• Average Customer Review: 4.8 out of 5 stars  See all reviews (153 customer reviews)
  • Amazon Best Sellers Rank: #1,059 in Books (See Top 100 in Books)

Customer Reviews

Top Customer Reviews

Format: Paperback
We've done our share of home improvements over the years. Each one always brought hope for our home to be a place of comfort and invitation for our family. We also had to protect our investment over the years which required maintenance type projects like a new roof or siding or windows.

I love watching the home improvement shows but something funny begins to stir in me after a while - - discontent. If not careful, I can begin to look around and see what room should be painted a different color, flooring should be switched out or worse yet, bathroom should be redone. And truly, nothing needs to be improved at our home at this time.

In her book, Raising Grateful Kids in an Entitled World, Kristen Welch hits it on the head:

And as uncomfortable as it sounds, parents who want less-entitled kids have to be less entitled themselves, and parents who want to raise more grateful kids need to start by living more grateful lives. (page 11)

Media has increasingly made it difficult to be content with what we have, where we are, and who we are. Commercials drive us to get the next new product in the hopes of being able to be successful and achieve our dreams. Along with eroding our contentment, we are driven to get it quickly, now.

My children are grown adults, now raising their own children. I pray we, as their parents, raised them to work hard and to be grateful for what they have been given. But only time will truly tell if they learned the lesson and are able to resist the pull which surrounds them.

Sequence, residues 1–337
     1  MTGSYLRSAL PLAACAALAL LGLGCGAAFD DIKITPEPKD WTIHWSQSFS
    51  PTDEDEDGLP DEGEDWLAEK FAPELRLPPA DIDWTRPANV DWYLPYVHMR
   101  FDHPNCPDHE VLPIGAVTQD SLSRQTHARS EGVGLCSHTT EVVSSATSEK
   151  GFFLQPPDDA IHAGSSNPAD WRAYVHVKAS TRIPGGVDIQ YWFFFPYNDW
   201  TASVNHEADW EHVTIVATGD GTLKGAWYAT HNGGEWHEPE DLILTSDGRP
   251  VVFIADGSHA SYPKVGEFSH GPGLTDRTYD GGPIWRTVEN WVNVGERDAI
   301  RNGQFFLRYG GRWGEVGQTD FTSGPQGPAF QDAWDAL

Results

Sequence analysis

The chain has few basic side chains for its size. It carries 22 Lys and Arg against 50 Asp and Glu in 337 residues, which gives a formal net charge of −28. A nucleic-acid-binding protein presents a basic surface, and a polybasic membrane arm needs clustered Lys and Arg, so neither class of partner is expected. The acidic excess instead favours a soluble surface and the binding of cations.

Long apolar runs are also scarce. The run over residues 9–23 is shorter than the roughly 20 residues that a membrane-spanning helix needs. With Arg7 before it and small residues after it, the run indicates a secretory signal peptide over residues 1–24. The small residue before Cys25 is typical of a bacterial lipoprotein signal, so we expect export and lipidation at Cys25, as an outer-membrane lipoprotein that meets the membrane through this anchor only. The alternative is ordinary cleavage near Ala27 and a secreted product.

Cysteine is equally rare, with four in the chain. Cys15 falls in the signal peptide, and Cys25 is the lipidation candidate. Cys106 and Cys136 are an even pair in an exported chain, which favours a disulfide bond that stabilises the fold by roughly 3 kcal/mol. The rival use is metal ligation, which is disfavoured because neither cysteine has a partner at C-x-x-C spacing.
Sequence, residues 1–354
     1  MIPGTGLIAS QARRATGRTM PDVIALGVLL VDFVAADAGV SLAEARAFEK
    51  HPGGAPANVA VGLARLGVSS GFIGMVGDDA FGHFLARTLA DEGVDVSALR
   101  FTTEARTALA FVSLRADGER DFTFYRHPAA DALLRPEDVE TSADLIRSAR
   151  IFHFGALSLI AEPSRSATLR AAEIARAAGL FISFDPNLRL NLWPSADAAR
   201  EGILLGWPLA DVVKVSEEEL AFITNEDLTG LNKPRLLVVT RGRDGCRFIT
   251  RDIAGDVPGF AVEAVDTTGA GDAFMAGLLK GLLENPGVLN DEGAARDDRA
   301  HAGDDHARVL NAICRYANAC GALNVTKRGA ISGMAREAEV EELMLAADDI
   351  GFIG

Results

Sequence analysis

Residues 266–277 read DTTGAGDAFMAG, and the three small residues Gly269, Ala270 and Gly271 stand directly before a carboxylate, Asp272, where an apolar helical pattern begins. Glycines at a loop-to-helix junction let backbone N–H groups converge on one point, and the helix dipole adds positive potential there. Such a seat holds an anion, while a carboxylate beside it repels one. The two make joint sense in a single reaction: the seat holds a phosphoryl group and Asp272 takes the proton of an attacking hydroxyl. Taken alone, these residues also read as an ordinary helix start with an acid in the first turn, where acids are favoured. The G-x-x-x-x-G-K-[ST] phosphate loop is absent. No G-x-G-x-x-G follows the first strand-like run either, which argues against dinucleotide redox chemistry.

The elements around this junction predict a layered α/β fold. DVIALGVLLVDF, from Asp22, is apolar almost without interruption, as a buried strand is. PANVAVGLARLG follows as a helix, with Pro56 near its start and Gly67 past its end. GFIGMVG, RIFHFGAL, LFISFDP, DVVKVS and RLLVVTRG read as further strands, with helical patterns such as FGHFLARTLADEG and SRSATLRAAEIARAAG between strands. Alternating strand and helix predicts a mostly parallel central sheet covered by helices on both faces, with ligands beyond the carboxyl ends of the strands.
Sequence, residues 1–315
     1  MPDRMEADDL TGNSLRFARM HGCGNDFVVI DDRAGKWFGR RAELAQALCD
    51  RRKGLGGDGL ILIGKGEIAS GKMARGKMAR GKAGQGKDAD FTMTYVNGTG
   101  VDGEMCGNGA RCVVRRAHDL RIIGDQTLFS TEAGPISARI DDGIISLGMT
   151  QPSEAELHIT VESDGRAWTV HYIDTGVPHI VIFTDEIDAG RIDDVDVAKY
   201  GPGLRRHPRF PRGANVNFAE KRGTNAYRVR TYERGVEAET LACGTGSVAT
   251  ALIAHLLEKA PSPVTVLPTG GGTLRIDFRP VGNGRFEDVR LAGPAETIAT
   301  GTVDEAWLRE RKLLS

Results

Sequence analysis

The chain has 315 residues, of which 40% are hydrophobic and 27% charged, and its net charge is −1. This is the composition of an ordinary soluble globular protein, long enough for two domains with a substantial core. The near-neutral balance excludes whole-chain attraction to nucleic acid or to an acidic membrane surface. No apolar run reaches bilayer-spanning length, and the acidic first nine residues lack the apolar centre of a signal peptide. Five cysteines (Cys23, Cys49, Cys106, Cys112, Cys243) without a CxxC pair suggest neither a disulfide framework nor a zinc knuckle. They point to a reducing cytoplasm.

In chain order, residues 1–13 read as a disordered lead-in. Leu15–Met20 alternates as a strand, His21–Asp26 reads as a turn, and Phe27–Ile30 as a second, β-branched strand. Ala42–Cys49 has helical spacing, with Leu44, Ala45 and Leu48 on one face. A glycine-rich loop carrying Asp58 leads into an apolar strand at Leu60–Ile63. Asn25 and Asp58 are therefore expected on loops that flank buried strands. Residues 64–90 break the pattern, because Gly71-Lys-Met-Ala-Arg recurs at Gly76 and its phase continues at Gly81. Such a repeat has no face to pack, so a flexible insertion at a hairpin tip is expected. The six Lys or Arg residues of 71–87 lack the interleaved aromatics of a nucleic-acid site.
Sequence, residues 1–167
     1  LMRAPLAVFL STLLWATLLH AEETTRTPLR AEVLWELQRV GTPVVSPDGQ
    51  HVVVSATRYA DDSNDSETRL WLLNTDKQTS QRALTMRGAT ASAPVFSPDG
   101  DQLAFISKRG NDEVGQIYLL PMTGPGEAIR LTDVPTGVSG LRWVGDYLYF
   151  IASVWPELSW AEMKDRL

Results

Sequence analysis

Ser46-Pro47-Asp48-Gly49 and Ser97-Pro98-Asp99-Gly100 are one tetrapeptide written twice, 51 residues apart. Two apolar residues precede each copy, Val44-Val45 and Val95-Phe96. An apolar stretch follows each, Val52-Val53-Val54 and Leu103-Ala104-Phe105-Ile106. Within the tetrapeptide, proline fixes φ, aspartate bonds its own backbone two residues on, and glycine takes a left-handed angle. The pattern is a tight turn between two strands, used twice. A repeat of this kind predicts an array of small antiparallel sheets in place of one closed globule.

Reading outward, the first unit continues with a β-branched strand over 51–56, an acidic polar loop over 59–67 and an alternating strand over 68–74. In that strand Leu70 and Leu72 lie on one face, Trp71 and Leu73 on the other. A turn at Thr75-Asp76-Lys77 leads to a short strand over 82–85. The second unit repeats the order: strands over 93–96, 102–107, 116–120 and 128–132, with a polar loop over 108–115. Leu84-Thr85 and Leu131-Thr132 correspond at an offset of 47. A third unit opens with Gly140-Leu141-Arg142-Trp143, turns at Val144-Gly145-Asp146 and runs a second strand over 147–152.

Kristen readily admits she is not a child psychologist but a parent facing the same challenges as us all.
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Format: Paperback Verified Purchase
I bought this book on a whim. Another homeschooling mom had told me about the blog We are THAT family. I liked what I saw and the author released this book 2 days later. To be honest, like others probably, I bought this thinking I was going to find out how to fix my kids. My husband and I are in a battle against entitlement with our kids daily it seems. Instead what I am getting out of this book is so much more! I am not figuring how to fix my kids, but how to fix myself! I find myself constantly reading it out loud with my husband and discussing many of the issues presented in this book. It has really made us stop and think about ourselves and how we parent. It is revolutionizing our lives! We have already started making small changes in our home. I highly recommend to anyone with kids of any age or if you are preparing to start a family.